OBJECTIVES: Myeloid and lymphoid neoplasms with abnormalities of fibroblast growth factor receptor 1 gene (FGFR1) are a rare and aggressive disease group that harbors translocations of FGFR1 with at least 14 recognized partner genes. We report a case of a patient with a novel t(17;21)(p13;q22) with RUNX1 rearrangement and trilineage blasts.
METHODS: A 29-year-old man with relapsed T-lymphoblastic lymphoma in the cervical nodes showed a myeloproliferative neoplasm in his bone marrow with three separate populations of immunophenotypically aberrant myeloid, T-lymphoid, and B-lymphoid blasts by flow cytometry. Cytogenetic and fluorescent in situ hybridization studies showed unique dual translocations of t(8;13)(p11.2;q12) and t(17;21)(p13;q22) with RUNX1 rearrangement.
RESULTS: The patient was initiated on a mitoxantrone, etoposide, and cytarabine chemotherapy regimen and died of complications of disease 1 month later.
CONCLUSIONS: To our knowledge, this is the first reported case of a myeloid and lymphoid neoplasm with abnormalities of FGFR1 with t(17;21)(p13;q22) and trilineage blasts.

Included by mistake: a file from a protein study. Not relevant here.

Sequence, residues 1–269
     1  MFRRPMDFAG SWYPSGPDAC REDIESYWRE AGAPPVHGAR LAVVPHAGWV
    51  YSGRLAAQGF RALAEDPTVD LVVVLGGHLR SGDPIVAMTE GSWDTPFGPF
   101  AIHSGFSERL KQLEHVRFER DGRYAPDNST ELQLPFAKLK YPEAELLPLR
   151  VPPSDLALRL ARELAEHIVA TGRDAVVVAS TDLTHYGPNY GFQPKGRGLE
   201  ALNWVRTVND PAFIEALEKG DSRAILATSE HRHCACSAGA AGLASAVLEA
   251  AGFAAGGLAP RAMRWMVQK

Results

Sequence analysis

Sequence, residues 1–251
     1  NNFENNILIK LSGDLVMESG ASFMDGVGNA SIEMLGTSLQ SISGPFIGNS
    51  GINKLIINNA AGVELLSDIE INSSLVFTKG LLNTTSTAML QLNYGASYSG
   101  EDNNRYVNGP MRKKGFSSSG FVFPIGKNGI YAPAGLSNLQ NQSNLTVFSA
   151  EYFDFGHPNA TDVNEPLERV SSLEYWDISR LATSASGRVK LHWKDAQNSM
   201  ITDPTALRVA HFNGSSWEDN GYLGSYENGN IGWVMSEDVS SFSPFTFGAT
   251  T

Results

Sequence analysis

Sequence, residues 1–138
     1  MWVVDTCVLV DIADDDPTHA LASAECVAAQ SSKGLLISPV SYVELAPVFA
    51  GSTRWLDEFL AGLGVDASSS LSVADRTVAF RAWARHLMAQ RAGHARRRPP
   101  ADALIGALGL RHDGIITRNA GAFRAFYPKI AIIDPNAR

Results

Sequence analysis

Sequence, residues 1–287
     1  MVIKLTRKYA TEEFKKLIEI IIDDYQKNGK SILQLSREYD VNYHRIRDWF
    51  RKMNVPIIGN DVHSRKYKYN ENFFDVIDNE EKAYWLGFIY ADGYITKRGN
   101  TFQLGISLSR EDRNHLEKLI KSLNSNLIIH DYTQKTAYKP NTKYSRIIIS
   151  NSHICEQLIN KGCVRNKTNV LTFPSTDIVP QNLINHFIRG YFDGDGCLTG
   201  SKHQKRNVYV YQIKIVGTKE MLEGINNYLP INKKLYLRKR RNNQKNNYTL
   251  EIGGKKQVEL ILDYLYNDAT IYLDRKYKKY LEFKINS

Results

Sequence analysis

Elucidating mechanisms of hepatitis B virus (HBV)-mediated hepatocarcinogenesis is needed to gain insights into the etiology and treatment of liver cancer. Cells where HBV is replicating exhibit increased expression of Plk1 kinase and reduced levels of two transcription repression factors, SUZ12 and ZNF198. SUZ12 is an essential subunit of the transcription repressive complex PRC2. ZNF198 stabilizes the transcription repressive complex composed of LSD1, Co-REST, and HDAC1. These two transcription repressive complexes are held together by binding the long noncoding RNA HOTAIR. In this study, we linked these regulatory events mechanistically by showing that Plk1 induces proteasomal degradation of SUZ12 and ZNF198 by site-specific phosphorylation. Plk1-dependent ubiquitination of SUZ12 and ZNF198 was enhanced by expression of HOTAIR, significantly reducing SUZ12 and ZNF198 stability. In cells expressing the HBV X protein (HBx), downregulation of SUZ12 and ZNF198 mediated global changes in histone modifications. In turn, HBx-expressing cells propagated an altered chromatin landscape after cell division, as exemplified by changes in histone modifications of the EpCAM promoter, a target of PRC2 and LSD1/Co-REST/HDAC1 complexes. Notably, liver tumors from X/c-myc bitransgenic mice exhibited downregulation of SUZ12 and ZNF198 along with elevated expression of Plk1, HOTAIR, and EpCAM. Clinically, similar effects were documented in a set of HBV-related liver tumors consistent with the likelihood that downregulation of SUZ12 and ZNF198 leads to epigenetic reprogramming of infected hepatocytes. Because both Plk1 and HOTAIR are elevated in many human cancers, we propose that their combined effects are involved in epigenetic reprogramming associated broadly with oncogenic transformation.